Five top Tories who warned Labour would 'clobber' working people with National Insurance rise
Philip Hammond was today accused of breaking a Tory manifesto pledge when he announced National Insurance Contributions would rise for the self-employed... My, how the tables have turned.
Just two years ago senior Tories were dragging Ed Miliband through a hedge with warnings Labour would increase NIC after the May 2015 election.
Here are just five of the top figures who were dead against Hammond's latest wheeze...
The PM gave Mr Miliband a tough time at Prime Minister's Questions saying he would "clobber" working people with an NIC hike.
Now culture minister, Matt Hancock warned an NIC rise from Labour would "risk the economy".
Home Office minister Brandon Lewis shared a Tory attack poster warning "people on middle incomes" would be hit by an NIC rise.
Justice secretary at the time Chris Grayling insisted Labour's "favourite stealth tax" would "be risking jobs all over again".
“There seems to be a naive view in the Labour Party that you can just put up taxes and there are no consequences. They don’t seem to understand the basic maths, that if you make it more expensive to employ people, then fewer people will end up in employment. After four years where our long-term economic plan has brought down unemployment substantially and there are more people in work than ever before, it would be the height of folly to put a new tax on jobs.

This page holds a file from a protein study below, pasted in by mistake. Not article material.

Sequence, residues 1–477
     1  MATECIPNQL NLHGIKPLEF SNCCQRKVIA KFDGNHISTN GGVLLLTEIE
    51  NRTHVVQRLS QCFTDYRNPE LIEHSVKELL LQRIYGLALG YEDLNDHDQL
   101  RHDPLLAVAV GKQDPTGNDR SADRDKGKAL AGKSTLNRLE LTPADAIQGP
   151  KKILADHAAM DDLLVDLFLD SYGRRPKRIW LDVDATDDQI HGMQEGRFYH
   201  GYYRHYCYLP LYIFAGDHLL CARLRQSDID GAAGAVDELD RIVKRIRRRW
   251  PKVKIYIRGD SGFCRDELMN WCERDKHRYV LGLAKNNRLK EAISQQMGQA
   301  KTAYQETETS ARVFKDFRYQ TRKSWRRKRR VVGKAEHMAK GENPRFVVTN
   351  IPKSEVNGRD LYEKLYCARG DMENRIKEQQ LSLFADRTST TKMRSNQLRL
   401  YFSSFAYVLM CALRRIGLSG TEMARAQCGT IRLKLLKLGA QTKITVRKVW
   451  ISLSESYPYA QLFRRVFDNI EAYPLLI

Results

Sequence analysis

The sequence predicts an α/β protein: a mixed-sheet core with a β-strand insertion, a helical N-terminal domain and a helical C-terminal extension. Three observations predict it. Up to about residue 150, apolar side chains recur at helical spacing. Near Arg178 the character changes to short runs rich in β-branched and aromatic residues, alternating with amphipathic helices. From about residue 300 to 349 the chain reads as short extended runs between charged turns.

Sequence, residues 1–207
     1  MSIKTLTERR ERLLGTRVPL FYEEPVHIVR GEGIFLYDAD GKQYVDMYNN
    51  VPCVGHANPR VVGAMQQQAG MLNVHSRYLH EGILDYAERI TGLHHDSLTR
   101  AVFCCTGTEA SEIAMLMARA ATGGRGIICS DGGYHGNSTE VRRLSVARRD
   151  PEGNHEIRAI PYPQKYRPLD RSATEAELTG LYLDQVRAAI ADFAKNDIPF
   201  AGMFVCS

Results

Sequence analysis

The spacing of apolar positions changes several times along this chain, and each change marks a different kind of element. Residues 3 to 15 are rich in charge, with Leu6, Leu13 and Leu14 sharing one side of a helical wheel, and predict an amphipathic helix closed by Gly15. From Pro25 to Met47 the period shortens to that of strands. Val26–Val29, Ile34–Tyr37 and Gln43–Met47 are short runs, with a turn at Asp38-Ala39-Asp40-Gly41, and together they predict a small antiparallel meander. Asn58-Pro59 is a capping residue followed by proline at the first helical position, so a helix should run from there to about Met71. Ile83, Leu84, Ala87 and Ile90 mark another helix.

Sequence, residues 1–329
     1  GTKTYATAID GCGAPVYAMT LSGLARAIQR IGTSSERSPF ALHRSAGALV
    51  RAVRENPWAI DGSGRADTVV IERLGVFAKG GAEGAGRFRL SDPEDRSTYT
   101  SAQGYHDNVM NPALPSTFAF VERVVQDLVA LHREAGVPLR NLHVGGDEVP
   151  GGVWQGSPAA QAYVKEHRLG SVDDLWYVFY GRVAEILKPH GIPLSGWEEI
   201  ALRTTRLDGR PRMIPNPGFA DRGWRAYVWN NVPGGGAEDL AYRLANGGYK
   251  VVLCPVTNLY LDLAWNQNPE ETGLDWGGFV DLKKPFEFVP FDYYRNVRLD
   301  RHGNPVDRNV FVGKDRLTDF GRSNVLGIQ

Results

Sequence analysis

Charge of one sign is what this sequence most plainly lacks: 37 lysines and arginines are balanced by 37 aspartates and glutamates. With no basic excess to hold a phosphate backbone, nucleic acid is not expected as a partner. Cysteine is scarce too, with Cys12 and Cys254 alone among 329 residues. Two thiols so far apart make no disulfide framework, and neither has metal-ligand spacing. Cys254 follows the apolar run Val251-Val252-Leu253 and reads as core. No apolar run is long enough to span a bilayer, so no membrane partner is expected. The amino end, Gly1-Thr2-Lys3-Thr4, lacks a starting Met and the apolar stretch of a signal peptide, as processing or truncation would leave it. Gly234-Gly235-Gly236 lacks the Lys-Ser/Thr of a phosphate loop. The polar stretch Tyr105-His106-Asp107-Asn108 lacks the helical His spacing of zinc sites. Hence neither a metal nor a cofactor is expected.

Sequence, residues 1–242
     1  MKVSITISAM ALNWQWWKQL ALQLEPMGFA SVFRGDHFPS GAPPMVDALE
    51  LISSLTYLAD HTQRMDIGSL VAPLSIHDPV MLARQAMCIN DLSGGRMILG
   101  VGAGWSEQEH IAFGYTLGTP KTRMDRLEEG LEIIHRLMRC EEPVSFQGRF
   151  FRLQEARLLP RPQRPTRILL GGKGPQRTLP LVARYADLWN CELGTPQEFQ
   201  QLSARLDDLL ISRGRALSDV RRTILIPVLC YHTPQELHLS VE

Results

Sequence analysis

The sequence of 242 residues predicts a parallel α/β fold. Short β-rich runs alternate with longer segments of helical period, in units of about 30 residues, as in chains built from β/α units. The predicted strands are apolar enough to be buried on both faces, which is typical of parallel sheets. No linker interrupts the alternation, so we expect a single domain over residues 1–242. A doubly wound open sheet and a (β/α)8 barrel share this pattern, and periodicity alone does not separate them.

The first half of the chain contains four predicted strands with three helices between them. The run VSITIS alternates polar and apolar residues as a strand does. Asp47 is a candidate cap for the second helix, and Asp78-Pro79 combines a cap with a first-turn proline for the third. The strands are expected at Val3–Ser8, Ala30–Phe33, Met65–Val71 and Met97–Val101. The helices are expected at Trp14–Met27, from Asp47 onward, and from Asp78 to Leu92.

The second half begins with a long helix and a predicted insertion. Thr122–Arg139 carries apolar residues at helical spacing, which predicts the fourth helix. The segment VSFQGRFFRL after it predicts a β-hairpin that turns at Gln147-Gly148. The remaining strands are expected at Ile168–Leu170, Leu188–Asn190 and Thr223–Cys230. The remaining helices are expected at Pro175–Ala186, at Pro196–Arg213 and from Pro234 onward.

“Increasing national insurance contributions was Labour’s favourite stealth tax when they were last in power and both Ed Balls and Ed Miliband were advisers in Treasury at the time of the last hike. If they had their way, they would be risking jobs all over again with this planned £4.7billion tax rise on employers, with the knock on cost of £165 for every person they employ in Britain.”
Now a whip, Julian Smith pleased his seniors by going on the attack on Miliband when he was but a mere backbencher.
"Does the right hon. Gentleman rule out a jobs tax on workers in my constituency should he get into power?" he asked way back in 2014 - early to the party.
And just for good measure, here are a selection of the many Conservative Press Office tweets slamming the idea.